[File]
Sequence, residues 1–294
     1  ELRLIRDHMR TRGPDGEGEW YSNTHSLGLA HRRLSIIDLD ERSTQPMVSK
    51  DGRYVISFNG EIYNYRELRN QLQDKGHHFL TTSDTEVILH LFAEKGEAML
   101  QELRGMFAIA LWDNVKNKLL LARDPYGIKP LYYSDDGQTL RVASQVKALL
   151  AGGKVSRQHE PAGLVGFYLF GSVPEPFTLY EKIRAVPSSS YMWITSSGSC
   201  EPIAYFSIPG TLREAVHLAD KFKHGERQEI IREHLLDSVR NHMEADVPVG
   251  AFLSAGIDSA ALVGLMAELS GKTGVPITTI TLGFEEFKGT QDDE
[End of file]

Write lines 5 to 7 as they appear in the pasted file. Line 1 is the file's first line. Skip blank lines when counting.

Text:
   151  AGGKVSRQHE PAGLVGFYLF GSVPEPFTLY EKIRAVPSSS YMWITSSGSC
   201  EPIAYFSIPG TLREAVHLAD KFKHGERQEI IREHLLDSVR NHMEADVPVG
   251  AFLSAGIDSA ALVGLMAELS GKTGVPITTI TLGFEEFKGT QDDE